‘Monsieur, in the state he then was, needed no such excuse to lose his temper, and before long they were at it hammer and tongs. An usher, hearing the din, went in to tell the King he could be heard distinctly from the drawing room and then immediately retired. This made them lower their voices but did not stop the quarrel; and finally Monsieur flew into a rage, telling the King plainly that when M. de Chartres was married he had been promised the earth and had so far extracted no more than a governorship.’[vi]

St Cloud
Then in the evening Philippe, having returned home to Saint Cloud, suffered a stroke. Louis did not visit his brother for some hours, possibly believing that the affair was a trick to relieve tension between the two of them. Monsieur died the following day; Louis was upset,
‘He may have blamed himself for precipitating Monsieur’s death by that morning’s quarrel; he may also have felt some disquiet, since Monsieur was the younger by two years and had appeared quite as healthy as himself, if not more so.’[vii]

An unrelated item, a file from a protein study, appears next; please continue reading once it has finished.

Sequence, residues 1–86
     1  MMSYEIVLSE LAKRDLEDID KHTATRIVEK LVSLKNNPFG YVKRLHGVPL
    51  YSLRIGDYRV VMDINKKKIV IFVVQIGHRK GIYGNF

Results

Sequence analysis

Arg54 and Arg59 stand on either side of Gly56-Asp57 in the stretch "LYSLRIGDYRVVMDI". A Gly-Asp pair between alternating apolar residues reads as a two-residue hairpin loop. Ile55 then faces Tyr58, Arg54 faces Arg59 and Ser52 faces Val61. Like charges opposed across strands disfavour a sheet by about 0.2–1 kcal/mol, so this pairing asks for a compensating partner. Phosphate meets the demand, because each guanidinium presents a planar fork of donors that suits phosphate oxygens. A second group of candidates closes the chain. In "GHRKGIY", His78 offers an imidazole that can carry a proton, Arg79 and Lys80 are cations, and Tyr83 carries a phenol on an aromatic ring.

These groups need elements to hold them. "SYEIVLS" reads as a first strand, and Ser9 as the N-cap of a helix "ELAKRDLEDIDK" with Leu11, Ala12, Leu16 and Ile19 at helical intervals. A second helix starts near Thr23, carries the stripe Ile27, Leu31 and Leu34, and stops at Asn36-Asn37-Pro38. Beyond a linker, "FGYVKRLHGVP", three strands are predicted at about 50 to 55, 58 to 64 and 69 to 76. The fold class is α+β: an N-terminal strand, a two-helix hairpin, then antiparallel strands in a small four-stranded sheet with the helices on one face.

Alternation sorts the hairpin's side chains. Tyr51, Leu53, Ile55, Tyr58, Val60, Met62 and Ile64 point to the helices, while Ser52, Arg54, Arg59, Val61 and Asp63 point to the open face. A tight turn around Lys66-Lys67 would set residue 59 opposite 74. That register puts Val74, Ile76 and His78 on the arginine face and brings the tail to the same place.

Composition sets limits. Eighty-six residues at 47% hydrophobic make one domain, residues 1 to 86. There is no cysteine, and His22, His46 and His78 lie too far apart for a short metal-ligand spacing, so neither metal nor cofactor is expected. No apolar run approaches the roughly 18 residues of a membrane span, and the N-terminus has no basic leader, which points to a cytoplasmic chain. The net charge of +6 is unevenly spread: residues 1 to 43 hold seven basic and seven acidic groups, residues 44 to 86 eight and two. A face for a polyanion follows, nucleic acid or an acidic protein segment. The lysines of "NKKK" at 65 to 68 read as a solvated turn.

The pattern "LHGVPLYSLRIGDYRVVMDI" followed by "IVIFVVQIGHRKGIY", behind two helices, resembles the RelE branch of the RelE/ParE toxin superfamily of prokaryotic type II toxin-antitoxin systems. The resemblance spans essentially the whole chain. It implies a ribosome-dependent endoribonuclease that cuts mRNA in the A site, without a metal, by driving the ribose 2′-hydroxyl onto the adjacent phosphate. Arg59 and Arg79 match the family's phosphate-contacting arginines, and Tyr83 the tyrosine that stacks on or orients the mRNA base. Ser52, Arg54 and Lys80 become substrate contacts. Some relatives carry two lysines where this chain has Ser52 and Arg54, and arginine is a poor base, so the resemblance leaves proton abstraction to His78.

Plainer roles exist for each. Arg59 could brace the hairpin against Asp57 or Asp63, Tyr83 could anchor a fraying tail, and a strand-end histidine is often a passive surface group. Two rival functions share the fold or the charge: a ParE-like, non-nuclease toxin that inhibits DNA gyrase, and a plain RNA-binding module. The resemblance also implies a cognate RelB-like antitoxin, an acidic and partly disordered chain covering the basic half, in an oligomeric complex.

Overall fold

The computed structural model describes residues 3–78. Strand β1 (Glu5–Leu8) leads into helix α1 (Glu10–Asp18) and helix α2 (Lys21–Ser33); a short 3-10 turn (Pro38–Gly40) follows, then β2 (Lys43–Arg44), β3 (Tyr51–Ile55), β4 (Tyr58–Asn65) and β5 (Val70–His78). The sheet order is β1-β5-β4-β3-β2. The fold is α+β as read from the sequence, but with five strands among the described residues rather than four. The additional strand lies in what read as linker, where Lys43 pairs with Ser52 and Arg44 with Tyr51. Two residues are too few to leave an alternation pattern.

Philippe had been unwell for a long time; during the 1680s he had suffered several serious fever bouts; in the 1690s Philippe became a victim of gout. Having always had a prodigious appetite Philippe now became seriously overweight; Saint-Simon drew a merciless pen portrait when he was newly arrived at court

‘He was a pot-bellied little man propped up on heels like stilts; gotten up like a woman with rings, bracelets, and jewels everywhere; a long wig, black and powdered, spread out in front; ribbons wherever he could put them; and exuding perfumes of all kinds……With more vivacity than intelligence and entirely without learning, although with an extensive knowledge of genealogies, births and marriages, he was capable of nothing. No one so soft of body and mind.’[viii]
Saint-Simon only saw the Monsieur who had been ground down by his brother’s mistrust and the deliberate exclusion from education forced upon him by his mother and Cardinal Mazarin.

The widowed Duchesse d'Orleans
Madame was upset by her husband’s death; they had recently reconciled themselves to friendship.
‘This comes to your Grace from the most unfortunate of creatures; Monsieur has suffered a stroke last evening at ten o’clock. He is in the throes of death and I….in the most wretched state in the world.’[ix]
When he died the sale of Philippe’s personal jewellery raised over one million livres. He also left a huge personal fortune. Much of his wealth was in real estate, which turned out to be a shrewd investment, leaving his descendants richer than the future king’s brothers.